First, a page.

One year ago in this column, I called on Environmental Protection Agency chief Stephen Johnson to resign for letting politics, not science, guide his agency's decisions. Nor was I alone—10,000 EPA employees were in open revolt for the same reason. Johnson was defying the Supreme Court's ruling that his agency should move forward on climate change and was refusing to approve California's forward-looking controls on climate-altering pollution.
Today, I am calling on all Earthjustice supporters to join with me in thanking his successor, Lisa Jackson, for steering the EPA back on course with a string of good decisions, especially her action last week aimed at regulating one of the most toxic side effects of burning coal for power: coal ash.
Coal ash, as you'll recall, became a national story just before Christmas when 1.1 billion gallons of it burst out of a holding pond in Tennessee, flooding more than 300 acres up to 25 feet deep with toxic levels of arsenic, lead, mercury, selenium, and boron. Earthjustice has been working for years to prevent this from happening, but not even this Exxon Valdez-scale disaster moved the Bush EPA to act.
Fortunately, Jackson sees things differently. Only days after getting a letter signed by Earthjustice and 108 other green groups, she has promised to issue proposed coal ash regulations. She will be assisted by draft regulations we wrote and submitted to the EPA about two years ago.
Getting the federal government to take coal ash seriously is a major victory as we push forward with our goal of ending coal's toxic life cycle from how it is mined to how it is used. And we are optimistic about our coal work despite last months disappointing decision by federal judges, allowing the most destructive form of coal mining—mountaintop removal—to continue without regards for its devastating effects on communities and mountain streams. Across the land, there are numerous signs that King Coal is in retreat.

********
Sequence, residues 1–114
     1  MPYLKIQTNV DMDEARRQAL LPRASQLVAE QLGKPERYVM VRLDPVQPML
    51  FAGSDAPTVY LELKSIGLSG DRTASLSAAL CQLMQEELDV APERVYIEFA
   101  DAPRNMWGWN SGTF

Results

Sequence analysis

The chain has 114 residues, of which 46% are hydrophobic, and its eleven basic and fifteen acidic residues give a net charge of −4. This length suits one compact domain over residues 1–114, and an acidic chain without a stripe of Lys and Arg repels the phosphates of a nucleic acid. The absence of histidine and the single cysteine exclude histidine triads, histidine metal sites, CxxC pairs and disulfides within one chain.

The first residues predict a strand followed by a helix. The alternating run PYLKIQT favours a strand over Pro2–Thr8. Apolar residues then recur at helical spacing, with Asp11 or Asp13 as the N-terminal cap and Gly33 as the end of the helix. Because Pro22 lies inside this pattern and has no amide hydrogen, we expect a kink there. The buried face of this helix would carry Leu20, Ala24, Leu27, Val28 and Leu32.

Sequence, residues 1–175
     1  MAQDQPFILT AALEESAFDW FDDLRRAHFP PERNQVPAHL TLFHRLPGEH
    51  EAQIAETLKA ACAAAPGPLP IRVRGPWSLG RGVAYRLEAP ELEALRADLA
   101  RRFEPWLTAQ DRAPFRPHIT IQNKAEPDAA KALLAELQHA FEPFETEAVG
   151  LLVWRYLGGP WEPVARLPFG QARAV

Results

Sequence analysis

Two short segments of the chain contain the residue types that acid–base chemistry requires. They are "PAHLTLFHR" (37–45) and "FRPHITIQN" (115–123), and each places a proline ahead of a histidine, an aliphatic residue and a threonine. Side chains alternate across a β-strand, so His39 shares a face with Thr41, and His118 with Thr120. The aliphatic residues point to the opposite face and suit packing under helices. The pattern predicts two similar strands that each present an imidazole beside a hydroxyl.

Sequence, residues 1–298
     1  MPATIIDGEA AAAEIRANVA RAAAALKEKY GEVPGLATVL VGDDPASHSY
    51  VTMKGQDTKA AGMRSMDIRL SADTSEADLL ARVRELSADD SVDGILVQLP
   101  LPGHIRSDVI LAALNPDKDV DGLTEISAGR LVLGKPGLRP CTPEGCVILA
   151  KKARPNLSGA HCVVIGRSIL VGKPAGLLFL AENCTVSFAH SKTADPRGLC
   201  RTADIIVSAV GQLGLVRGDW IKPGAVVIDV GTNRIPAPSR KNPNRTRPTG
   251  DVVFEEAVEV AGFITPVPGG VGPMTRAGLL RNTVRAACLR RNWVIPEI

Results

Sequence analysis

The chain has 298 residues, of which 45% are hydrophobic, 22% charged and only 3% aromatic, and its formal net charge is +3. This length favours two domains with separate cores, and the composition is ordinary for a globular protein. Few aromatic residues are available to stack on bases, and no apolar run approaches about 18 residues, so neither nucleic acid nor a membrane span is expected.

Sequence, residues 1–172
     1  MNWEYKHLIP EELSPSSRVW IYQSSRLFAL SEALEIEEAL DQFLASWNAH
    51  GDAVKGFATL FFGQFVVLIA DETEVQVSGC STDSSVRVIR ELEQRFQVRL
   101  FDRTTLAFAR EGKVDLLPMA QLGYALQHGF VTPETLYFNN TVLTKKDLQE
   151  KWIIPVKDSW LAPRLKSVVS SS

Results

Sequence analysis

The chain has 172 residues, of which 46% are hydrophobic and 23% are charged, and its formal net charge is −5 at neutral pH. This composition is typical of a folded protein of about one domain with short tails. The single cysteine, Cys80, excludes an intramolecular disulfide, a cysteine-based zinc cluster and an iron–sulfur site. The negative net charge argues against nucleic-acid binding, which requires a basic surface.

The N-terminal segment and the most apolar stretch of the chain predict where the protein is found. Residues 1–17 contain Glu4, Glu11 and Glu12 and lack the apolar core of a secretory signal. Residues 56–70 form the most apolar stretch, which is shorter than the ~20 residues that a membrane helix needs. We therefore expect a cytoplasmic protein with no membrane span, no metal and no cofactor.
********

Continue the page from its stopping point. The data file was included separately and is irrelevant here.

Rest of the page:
We successfully blunted coal's expansion in Kansas and in Florida, and we are challenging plants proposed in New Mexico, Wyoming and elsewhere. Our legal, policy and public education work has helped fuel a national trend away from coal as evidenced by the 100 or so permits for plants nationwide held up because of growing opposition.
Moreover, public resistance to new coal plants and the promise of tighter federal regulation has led investors to back away from new coal plants, just as the federal government's Rural Utilities Service has.
Now it's time for the new EPA and Congress to make dramatic investments in renewables, conservation and efficiency ... and it's our job to make sure that the coal industry's considerable money and influence and the false hope of "clean coal" don't sidetrack government action.
Amid the vigilance, however, let's not forget to be grateful. Join me in dropping Lisa Jackson a note, thanking her for the good work on coal ash, and encouraging her to keep mending an agency that for the last eight years abandoned its mission and the people and resources it was established to protect.